Third, do not forget that the Pension Protection Fund does not guarantee all benefits promised by the scheme. As I have discussed in a previous article, members might expect only 90 per cent of their promised benefits as well as losing indexation on their pension in payment. The alternative of an individual transfer to a personal pension should in these circumstances be compared with the PPF guarantee and not to the level of accrued benefits within the scheme.

Note that, with a few exceptions, bulk transfers from wound-up schemes are made to guaranteed deferred annuity contracts or their broad equivalent. Although properly securing the promised benefits, the form of the benefits is usually inflexible. The age at which benefits become payable and the inclusion or otherwise of a spouse’s pension (with further inflexibility as regards the definition of spouse/partner) and/or escalation can all be affected.

This leads me to a final observation. These bulk transfers usually lead to poor transfer values if the member subsequently seeks to transfer to an individual arrangement, perhaps for greater flexibility, as the example above illustrates.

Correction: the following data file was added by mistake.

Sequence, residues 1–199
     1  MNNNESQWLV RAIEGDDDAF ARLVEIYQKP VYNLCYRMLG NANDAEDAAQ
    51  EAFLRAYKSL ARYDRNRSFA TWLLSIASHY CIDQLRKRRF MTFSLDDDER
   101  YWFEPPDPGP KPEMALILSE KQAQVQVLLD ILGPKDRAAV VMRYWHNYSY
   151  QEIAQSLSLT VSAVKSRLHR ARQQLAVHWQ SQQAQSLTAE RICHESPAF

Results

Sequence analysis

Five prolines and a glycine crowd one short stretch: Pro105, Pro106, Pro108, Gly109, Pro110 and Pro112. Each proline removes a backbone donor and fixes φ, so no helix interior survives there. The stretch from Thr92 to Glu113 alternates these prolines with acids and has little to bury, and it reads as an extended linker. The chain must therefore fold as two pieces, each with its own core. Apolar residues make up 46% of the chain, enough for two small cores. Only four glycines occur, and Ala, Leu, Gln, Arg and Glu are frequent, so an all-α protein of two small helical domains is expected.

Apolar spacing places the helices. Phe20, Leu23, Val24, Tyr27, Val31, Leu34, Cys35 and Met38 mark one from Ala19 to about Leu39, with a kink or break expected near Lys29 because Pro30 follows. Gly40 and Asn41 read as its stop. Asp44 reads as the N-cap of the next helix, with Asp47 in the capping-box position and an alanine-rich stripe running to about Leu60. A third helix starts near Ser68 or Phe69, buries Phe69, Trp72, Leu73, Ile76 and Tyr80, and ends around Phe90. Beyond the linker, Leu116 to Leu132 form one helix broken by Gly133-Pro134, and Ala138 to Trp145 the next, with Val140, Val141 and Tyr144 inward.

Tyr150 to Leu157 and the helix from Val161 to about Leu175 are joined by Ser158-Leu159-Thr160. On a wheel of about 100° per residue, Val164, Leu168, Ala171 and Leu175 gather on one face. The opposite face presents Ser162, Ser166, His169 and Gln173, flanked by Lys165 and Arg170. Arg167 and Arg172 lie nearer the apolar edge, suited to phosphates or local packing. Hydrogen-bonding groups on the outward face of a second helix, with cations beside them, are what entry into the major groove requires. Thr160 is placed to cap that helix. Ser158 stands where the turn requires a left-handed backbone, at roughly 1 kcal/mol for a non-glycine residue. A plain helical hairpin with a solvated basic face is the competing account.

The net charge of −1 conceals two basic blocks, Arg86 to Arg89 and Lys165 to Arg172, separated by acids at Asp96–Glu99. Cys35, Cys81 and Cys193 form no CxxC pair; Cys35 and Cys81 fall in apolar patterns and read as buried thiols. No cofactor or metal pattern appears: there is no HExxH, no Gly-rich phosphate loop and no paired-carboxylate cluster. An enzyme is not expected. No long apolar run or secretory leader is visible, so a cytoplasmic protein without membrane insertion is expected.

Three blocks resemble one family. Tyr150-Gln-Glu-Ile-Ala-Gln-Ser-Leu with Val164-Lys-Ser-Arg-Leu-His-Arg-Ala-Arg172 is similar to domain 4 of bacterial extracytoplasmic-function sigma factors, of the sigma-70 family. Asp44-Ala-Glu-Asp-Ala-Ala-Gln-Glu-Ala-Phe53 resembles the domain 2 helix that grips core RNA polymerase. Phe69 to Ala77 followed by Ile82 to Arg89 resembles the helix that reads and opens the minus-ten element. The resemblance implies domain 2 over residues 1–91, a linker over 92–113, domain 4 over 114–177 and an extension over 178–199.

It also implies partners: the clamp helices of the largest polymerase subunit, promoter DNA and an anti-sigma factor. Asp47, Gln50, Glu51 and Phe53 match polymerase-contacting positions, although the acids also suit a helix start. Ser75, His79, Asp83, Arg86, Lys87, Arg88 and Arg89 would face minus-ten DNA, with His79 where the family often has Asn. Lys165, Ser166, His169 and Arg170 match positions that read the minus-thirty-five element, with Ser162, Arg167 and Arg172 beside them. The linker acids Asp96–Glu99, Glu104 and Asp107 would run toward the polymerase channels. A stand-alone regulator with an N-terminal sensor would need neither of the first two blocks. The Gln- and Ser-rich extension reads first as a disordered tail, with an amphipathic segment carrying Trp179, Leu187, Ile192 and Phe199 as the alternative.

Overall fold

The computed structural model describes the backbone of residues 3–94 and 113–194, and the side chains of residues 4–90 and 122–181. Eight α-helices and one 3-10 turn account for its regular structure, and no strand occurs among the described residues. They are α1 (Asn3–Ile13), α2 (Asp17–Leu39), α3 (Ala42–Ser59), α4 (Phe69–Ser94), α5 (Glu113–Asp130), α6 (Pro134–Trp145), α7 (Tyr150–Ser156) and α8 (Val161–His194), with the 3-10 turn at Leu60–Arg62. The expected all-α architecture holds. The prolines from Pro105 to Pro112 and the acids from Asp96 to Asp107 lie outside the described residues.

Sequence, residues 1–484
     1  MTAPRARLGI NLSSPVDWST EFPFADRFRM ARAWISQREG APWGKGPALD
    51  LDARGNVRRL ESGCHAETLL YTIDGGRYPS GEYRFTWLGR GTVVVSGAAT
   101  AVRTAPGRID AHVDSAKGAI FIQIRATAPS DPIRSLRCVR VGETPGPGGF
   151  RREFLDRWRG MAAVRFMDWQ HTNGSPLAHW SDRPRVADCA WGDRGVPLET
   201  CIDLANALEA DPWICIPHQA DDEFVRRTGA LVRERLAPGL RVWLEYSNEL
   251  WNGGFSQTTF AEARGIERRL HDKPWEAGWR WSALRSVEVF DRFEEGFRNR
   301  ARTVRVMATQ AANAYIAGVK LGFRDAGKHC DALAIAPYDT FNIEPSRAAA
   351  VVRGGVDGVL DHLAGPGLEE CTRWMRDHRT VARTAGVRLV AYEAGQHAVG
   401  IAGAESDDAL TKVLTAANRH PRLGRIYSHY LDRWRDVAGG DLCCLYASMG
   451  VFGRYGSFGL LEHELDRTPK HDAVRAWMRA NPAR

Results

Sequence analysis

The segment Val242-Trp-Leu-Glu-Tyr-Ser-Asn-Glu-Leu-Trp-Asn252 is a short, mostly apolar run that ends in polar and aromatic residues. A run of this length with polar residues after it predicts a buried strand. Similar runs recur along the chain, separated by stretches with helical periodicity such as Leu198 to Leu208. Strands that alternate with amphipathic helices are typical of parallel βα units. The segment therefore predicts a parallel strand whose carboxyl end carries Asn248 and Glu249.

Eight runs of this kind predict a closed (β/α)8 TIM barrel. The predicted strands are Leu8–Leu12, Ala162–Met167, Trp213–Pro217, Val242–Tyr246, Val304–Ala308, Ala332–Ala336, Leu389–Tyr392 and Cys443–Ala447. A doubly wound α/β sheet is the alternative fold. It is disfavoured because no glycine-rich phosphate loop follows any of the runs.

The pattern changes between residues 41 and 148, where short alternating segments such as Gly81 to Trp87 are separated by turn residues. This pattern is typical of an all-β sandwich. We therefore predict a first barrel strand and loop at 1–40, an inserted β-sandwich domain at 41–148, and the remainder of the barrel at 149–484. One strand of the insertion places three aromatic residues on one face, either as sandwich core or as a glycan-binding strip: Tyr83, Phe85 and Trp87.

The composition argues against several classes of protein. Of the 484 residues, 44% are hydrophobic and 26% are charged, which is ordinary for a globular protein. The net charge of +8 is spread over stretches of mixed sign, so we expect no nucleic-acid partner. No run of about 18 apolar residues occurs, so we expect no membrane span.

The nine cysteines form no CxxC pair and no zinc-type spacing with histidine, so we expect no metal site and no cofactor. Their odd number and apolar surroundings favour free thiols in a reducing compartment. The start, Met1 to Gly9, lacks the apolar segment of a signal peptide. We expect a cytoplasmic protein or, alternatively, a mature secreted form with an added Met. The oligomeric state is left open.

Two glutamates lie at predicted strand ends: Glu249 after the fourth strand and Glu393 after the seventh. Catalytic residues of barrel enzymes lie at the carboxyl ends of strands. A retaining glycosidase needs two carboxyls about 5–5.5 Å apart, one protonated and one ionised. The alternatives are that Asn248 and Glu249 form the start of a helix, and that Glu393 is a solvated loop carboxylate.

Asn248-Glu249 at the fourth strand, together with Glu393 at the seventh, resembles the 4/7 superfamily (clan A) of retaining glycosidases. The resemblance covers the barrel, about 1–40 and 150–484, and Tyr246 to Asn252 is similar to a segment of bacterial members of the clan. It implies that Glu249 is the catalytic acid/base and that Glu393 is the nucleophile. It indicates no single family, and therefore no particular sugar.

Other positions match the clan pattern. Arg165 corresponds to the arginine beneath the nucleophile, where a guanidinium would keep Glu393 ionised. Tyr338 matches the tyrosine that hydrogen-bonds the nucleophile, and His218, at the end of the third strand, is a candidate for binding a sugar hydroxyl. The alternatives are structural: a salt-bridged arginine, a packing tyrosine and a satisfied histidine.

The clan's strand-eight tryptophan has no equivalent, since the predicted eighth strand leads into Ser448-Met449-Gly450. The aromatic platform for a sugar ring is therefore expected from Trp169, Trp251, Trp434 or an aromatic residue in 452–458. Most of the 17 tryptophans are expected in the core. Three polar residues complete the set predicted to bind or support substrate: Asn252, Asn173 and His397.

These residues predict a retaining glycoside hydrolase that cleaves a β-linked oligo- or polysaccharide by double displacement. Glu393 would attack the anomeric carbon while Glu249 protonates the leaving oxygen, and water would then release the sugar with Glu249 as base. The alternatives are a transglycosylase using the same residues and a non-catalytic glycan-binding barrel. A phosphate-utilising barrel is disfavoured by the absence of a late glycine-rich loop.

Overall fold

To conclude my discussion on wound-up schemes, I feel it might be useful to share with readers a comment from an actuarial commentator I noted a few weeks ago. He suggested that the only reason why many more final-salary schemes are not being wound up is because most are in deficit and, where the sponsoring employer is financially solvent and continues to trade, winding up would require a massive additional employer contribution to enable all the promised benefits to be secured.